How to develop a smartphone App to be FDA-cleared or CE Marked? - part 1 regulations
Today I begin a new series of articles about developing (or more broadly designing) a smartphone App that is a medical device.
The very first question is:
Is your App a medical device and does it need to be CE Marked or FDA cleared ?
That depends on the intended use of the App.
Some mobile apps, like PACS viewers on tablets, easily qualify as medical devices. But there are many mobile apps that are at the border of medical purpose. It is usually not easy to qualify these apps as medical devices, without any further explanation about the analysis of the intended use.
The long answer relies on guidances published by the FDA or the European Commission. These guidances give many clues about the interpretation of regulations to qualify mobile apps as medical devices or not.
The FDA published in september 2013 a Guidance on Mobile Medical Applications.
This guidance clarifies a lot the qualification of mobile apps as medical devices in the USA. It gives the criteria to determine wether an app is a medical device.
The intent of the FDA is to define the Subset of mobile apps that are the focus of FDA’s regulatory oversight. Others apps outside the subset are not regulated.
However, the subset is not so easy to define, hence the FDA expects that some apps may be medical devices.
If you think your app falls into the blurred zone, you'd better contact the FDA to know what they expect of your company!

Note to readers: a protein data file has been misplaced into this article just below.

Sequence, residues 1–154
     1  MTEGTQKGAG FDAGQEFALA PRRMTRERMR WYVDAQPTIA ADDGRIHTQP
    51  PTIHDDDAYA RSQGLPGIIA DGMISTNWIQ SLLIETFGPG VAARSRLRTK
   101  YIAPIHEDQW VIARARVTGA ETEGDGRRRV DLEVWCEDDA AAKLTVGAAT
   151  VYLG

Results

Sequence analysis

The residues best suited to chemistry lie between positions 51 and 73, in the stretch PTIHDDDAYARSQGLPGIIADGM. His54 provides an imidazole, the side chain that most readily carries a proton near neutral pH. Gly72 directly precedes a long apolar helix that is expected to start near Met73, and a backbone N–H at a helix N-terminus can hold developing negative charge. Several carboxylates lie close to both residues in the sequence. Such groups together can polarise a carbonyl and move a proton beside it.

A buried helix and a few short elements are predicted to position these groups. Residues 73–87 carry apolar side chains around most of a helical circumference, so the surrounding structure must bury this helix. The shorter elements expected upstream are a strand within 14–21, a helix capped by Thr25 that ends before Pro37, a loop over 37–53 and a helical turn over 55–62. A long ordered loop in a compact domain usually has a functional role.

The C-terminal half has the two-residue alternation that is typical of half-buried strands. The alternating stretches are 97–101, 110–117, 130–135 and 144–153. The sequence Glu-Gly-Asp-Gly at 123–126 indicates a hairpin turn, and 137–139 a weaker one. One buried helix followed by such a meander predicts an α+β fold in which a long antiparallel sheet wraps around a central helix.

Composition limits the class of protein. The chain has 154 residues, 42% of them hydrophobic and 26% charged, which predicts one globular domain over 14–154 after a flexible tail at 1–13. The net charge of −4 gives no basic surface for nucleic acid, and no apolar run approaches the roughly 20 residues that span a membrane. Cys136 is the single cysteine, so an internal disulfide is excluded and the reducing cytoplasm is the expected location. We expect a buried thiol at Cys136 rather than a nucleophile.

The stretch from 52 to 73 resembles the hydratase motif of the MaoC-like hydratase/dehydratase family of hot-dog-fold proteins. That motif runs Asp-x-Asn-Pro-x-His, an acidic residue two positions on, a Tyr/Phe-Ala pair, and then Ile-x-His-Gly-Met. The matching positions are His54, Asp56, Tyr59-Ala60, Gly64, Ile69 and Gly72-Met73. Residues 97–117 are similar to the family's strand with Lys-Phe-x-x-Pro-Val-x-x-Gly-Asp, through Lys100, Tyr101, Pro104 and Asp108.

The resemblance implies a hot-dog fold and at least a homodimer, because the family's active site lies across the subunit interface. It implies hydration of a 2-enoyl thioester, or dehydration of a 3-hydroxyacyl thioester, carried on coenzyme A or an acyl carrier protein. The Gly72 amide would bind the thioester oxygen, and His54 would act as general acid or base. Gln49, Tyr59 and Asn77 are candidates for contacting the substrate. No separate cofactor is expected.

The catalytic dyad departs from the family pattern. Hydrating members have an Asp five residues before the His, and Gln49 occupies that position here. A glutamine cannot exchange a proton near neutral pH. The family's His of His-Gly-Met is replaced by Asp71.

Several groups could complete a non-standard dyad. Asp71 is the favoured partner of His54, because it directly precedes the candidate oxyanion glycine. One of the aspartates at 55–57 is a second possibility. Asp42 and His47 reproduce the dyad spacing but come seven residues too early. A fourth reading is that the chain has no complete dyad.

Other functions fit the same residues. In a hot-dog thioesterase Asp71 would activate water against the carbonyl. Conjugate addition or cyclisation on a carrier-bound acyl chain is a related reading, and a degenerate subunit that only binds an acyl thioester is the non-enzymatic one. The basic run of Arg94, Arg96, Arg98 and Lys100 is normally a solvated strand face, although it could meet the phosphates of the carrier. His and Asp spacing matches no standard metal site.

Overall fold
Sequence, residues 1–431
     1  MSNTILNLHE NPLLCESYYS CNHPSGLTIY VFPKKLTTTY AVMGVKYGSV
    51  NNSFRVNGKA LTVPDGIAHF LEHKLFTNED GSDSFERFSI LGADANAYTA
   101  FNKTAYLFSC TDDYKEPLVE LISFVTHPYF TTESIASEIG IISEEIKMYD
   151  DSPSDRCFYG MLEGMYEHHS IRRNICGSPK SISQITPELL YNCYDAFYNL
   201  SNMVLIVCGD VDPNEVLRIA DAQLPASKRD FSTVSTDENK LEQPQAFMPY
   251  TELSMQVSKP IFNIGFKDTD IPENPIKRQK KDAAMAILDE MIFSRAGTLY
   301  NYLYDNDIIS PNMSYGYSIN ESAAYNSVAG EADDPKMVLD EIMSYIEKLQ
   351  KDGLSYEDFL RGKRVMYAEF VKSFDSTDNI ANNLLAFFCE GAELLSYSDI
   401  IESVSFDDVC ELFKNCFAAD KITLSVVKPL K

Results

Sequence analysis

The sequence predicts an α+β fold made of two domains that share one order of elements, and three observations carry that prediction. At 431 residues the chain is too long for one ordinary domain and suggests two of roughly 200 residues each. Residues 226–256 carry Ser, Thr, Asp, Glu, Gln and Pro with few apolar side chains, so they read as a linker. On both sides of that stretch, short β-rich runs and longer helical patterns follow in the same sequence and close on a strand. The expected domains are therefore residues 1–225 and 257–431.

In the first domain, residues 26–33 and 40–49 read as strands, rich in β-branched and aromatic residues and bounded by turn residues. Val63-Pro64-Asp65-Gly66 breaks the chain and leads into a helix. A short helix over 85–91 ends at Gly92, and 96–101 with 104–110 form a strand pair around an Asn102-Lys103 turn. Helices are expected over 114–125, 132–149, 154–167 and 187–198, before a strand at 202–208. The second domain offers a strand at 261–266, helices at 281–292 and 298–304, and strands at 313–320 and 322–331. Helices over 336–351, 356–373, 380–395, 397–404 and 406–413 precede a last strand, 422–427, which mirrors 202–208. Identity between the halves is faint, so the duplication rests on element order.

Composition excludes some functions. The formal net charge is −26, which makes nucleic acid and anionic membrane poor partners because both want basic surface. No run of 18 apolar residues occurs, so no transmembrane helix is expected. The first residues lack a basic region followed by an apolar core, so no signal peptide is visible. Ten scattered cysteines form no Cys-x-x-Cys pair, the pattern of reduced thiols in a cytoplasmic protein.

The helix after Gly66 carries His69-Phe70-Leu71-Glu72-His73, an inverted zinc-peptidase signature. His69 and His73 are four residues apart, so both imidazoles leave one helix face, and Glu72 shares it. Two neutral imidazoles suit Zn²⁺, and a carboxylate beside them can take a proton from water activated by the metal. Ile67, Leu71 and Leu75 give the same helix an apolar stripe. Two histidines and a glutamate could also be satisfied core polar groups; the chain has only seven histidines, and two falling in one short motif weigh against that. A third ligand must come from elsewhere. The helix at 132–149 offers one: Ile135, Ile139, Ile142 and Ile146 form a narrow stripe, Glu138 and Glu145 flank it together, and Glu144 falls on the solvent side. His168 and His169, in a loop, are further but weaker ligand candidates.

In the European Union, there is no such guidance as the FDA one. The guidance that is the closest to our need is the MEDDEV 2.1/6 - Guidance on the qualification and classification of standalone software.
It embraces a larger spectrum than the FDA guidance: standalone software. Mobile medical apps are standalone software, but standalone software include other software installed on fixed (contrary to mobile) platforms, like servers.
Unlike the FDA guidance, the MEDDEV doesn't contain specific criteria for mobile apps. It contains a decision tree which is supposed to help you to determine wether a standalone software (including your mobile apps) is a medical device.
However, you'll see that if you follow the decision tree, you will bump into the question: Is the software to be used for any of the purposes listed in Article 1(2)a of Directive 93/42/EEC. (Translation: does it fall into the definition of a medical device in the european regulation).
It's actually the answer to this question that we are seeking in a guidance. We're going in a circle!
Fortunately, there are a lot of thoughtful examples in the guidance, which help to exclude a good many of software from medical devices.
If your mobile app doesn't fit the examples of this guidance, you'd better contact your notified body (if you have one), or even the regulation authority of your country (or of your european representative) to know what they expect of your company.
To go further
Regulations of mobile medical apps in other countries like Canada, Brazil, Japan, or Australia are not as articulate as the american and (to some extent) the european regulations.
As usual, the FDA sets the tone about the regulation of medical devices but the US regulation is more stringent that regulations in other countries.
Thus, don't rely on the FDA guidance to qualify your mobile app as a medical device in other countries. Use the regulations and guidances of each country.
Next time, we'll see the development standard applied to mobile medical devices.